St Stephen Lewisham
27th February 2005
Lent 3: Oil of Gladness
Each Sunday in Lent we are thinking about one of the sacraments of the Church, and in particular the matter or substance which it uses, and the significance of that substance. That word significance, you will remember, includes the shorter word sign, and the definition of a Sacrament is ‘an outward and visible sign of an inward and spiritual grace’. The job of a sign is to ‘suggest’ something to people’s minds. We shall come back to the word grace in a minute, but let us think now of what the substance oil suggests to people.
Well, let’s begin at home, so to speak. Oil is something which makes other things ‘work properly’. If your door squeaks every time you open and close it, or your bicycle wheel won’t revolve properly, or your key won’t turn in the lock, what’s the first thing you think of? Oil in some shape or form, isn’t it? A drop or two of oil can work wonders (or miracles, one might say!). You can’t actually see the oil working, but you can know it is by its result. A car which runs out of engine oil is in a far more serious predicament than one which merely runs out of petrol. It will be a total wreck if not given the oil it needs!
Then, again, oil has been used in medicine since time immemorial. The Good Samaritan, you will remember, had oil in his first-aid kit. Used either internally or externally, the appropriate medicinal oil – oil of cloves, oil of cinnamon, cod-liver oil and Oil of Evening Primrose all have the power to soothe and heal the body. Healing, you remember is the same thing as ‘making whole (or complete)’. Oil in medicine supplies something that is missing or in short supply in the natural body.
Thirdly oil has been used all over the world to anoint people who have been chosen by God to do something special for Him. Kings and Queens are anointed at their coronation; priests at their ordination, candidates at their baptism and confimation, sick and troubled people as a sign that they are offering to God the troubles that are besetting them, and the dying as a sign that they are passing through death to their new status in the Kingdom of God.
Don’t let anyone tell you that anointing is just for the terminally ill. I’ve lost count of the number of people at St Stephen’s whom I have anointed to strengthen them in times of adversity, whether it’s redundancy, surgery, financial difficulty, family or marital problems they are having to cope with, or simply the prospect of having to take an exam. They have all found that the sacrament of anointing has brought them relief and comfort.
After the sermon, then, we are going to invite everyone who wishes to come forward and be silently anointed, on their forehead and hands with oil which was blessed by the Bishop for this purpose last Maundy Thursday, and will be replenished by him in a few weeks’ time. After prayers have been said over the oil, the priests will come down the chancel steps and, having anointed each other will stand waiting for people to come up and be ministered to. Just allow the priest to make the sign of the cross with his oiled thumb on your forehead, hold your hands out, palms down, and let him anoint them, and then go back to your place.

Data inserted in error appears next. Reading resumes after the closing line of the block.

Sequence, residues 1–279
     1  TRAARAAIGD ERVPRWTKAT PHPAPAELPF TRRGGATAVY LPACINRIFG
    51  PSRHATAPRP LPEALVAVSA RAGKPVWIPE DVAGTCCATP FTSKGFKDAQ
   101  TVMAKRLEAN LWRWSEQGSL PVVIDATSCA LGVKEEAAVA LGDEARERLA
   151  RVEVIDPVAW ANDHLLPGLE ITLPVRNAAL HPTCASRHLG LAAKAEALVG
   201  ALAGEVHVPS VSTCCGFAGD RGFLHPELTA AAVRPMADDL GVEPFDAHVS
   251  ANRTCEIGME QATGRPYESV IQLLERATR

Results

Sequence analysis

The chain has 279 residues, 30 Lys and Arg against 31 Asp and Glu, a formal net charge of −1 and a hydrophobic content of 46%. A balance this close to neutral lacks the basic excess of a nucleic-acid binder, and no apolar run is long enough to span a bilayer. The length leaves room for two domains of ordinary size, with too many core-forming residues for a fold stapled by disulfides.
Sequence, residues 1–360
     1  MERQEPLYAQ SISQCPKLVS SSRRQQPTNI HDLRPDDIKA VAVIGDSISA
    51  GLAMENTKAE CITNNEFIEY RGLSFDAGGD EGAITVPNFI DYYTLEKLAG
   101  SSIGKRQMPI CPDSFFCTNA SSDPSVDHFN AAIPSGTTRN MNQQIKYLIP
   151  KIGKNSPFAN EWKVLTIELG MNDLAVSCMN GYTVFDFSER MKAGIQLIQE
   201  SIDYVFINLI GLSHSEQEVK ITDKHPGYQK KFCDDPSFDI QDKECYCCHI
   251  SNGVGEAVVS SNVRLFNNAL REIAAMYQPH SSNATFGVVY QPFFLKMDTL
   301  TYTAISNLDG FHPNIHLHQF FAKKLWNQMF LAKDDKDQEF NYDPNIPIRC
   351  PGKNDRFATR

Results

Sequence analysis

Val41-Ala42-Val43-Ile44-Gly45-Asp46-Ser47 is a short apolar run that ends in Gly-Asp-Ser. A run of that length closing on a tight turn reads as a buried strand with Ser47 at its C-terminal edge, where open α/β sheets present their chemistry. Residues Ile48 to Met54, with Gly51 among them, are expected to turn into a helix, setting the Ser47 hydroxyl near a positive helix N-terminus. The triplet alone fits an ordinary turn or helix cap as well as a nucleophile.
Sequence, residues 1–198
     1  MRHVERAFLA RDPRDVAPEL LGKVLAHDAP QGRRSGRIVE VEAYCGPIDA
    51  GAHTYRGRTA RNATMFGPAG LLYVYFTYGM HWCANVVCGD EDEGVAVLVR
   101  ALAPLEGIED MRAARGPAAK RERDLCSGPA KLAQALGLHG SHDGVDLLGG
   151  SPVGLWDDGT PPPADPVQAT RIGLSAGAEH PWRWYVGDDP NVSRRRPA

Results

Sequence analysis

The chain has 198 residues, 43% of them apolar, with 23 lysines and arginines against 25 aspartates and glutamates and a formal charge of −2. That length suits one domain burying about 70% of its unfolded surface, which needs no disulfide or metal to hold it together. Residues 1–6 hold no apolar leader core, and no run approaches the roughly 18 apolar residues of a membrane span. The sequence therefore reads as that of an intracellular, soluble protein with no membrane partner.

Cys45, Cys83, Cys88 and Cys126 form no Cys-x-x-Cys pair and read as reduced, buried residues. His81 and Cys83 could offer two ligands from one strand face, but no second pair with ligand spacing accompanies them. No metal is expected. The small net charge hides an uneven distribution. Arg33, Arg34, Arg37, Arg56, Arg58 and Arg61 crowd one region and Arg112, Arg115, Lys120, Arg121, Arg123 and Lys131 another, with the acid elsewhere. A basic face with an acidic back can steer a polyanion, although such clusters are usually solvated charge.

But first spend a little while reminding yourself why you are being anointed.
Firstly, what is it in you that needs making whole? Are you like a squeaky door, always complaining about something? Or is there some bad habit that you have had to struggle against all your life? Are you afraid of some ordeal, such as an exam, that you’ve got to face? Is there friction in your home or place of work? If so, offer them to God that he may ease your way with the Oil of Anointing.
Or have you an illness which never seems to get any better? Always supposing that you have taken the necessary steps to get proper medical advice (for God works through Nature rather than against it) then come forward and receive the ministry of Anointing as a sign of submitting yourself into God’s hands to make you whole.
Thirdly, just remember that you are special. God’s grace has been poured forth upon each of us individually and in such measure as He knows we need. The person standing next to you is no less, and no more, important in God’s eyes than you are. Their troubles are probably quite different from yours both in nature and degree. But the wonderful thing about God’s sacraments of grace are that they suit everyone perfectly. As with the manna in the wilderness he who gathered little had no lack; he that gathered much had nothing over.
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